As far as Joe Biden, he does come across very intelligent when he talks about these issues. My main problem with him is that he backed Kerry AGGRESSIVELY in the last election and I thought that was a particularly bad idea. Typically the farther away he gets from an election the more sense he makes, and I agree that his plan does make some sense.

The number ONE thing I like about Biden, though, is that he speaks English. He’s VERY good at explaining himself in real language without slipping into that “Senatese” that Mr Kerry is so good at.

Not a huge Feingold fan, or necessarily a Hagel fan, but would vote for Hagel before McCain (whose attitude also changes drastically with the election cycles).

I do sincerely hope, though, that the Democrat party is smart enough to nominate a Feingold or a Biden…(there’s another one isn’t there?)…instead of a Clinton, Kerry, Edwards, etc…

And I hope the Republicans nominate virtually anyone but McCain.

Posted by BP @ 08/28/2006 06:06 PM PDT
OH…and I echo E’s comment…finally a Democrat with a plan…God bless Biden for that.

Posted by Scottie @ 08/28/2006 07:34 PM PDT
hey

i do remember that chili that i cooked and it took like 3 hours longer for the beans to get ready because of the damn altitude

it was good though, especially after i insisted everybody add the sour cream and cheese

hmmmm

the good old days, when i was a devout republican with not a care in the world…

biden or feingold would be so much better than hillary, on the democratic side

i’ll move to france if that aipac ass-kisser gets elected

i still have a dream that one day americans can choose, not from the lesser of two evils, but among a group of candidates with open access to the microphone

when michael badnarik and ralph nader got arrested for trying to attend one of the presidential elections in 2004, (especially since badnarik was the candidate from the third largest party and was on the ballot of every single state) i realized that , despite the fancy packaging , the democratic ideal in the us isnt ideal at all.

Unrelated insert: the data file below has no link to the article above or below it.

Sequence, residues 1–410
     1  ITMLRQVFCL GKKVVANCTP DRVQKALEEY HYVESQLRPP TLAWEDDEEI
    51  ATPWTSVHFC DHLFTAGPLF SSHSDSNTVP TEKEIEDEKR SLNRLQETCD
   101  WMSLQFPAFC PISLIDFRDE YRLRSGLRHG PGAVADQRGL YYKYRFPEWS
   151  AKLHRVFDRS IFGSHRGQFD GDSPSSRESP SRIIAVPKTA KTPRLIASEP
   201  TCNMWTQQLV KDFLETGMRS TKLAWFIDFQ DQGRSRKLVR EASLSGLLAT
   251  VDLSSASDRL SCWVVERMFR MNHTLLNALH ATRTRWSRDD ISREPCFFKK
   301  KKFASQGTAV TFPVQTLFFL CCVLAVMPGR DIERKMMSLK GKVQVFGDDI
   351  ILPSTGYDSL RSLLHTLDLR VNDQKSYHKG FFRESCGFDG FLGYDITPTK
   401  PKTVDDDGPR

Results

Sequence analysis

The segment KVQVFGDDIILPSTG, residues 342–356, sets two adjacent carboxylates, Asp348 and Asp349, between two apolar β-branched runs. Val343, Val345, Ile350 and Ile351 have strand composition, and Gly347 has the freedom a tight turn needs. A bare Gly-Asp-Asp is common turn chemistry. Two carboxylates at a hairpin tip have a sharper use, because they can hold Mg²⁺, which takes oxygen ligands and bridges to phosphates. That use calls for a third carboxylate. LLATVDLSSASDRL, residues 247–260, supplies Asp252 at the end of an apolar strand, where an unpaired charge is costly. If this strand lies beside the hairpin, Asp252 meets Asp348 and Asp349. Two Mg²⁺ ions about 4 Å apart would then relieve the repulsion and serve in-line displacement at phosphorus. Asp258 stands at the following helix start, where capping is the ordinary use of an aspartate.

Posted by BP @ 08/30/2006 09:36 AM PDT
Really? I didn’t hear that…you have a link to that? When you say Presidential election, what do you mean?

Posted by Emily @ 08/30/2006 09:28 PM PDT
Now all we need are more plans…I don’t particularly like this one, but at least someone had the balls to offer one. I say, bring it on.

1st and 2nd point: I’m assuming that every region, although separate will be unified because of oil? Isn’t that part of the problem? What happens when technology or what-have-you makes oil obsolete (I hope this happens sooner than later)? Also, the central govt. is supposed to control borders…which ones? The ones between the regions or between the countries? Sounds like the borders (both between the regions and the countries) could go the way of the Shebaa Farms fiasco (one of many possible examples, I’m sure).

Third Point–A Job program…who would provide jobs? the central government? Kinda vague here and a little communistic if the jobs come from the govt, eh? How would you collect reconstruction aid from the oil-rich Gulf States? Would they give it voluntarily, just like the “rich” in the US give their money voluntarily? Who are minorities here? Christians? Seems to me the minority in one region would prefer to go the region where they are the majority.

Fourth point–Can anyone say UN? I’m not confident with anything the UN declares; I don’t know why we’re wasting our tax dollars on it! A fault of an international conference can be seen, again, with Shebaa Farms.

Fifth point—don’t know much about militaristic strategy, but I do know that there aren’t any concentrations of terrorists; terrorists know better than to concentrate themselves. It’s their ability to operate sparsely that’s so problematic.

I think points 1-4, as a whole, demonstrate what the world does not like about the US and that is the world perceives us as wanting to be the conductor for the political and social aspects of the world (pseudo Imperialism).

Posted by Scottie @ 08/30/2006 10:01 PM PDT
YIPE !!!!!!!!!!

I meant presidential debates !

NOT election

badnarik and nader were arrested for trying to gain entrance to the last presidential debate

i was either tired or drinking a beer when i wrote that, and i honestly think it was the former

Lessons on Terrorism

Yet another article from the Boston Globe asking the question: Are we really at war with “Terror”?

As always, I appreciate your comments . . .

“Eleven suspects were brought to court in London this week, charged with involvement in the plot to blow up several airliners over the Atlantic. The foiling of their alleged conspiracy will inevitably be scrutinized for what it reveals about the terrorist threat five years after Sept. 11.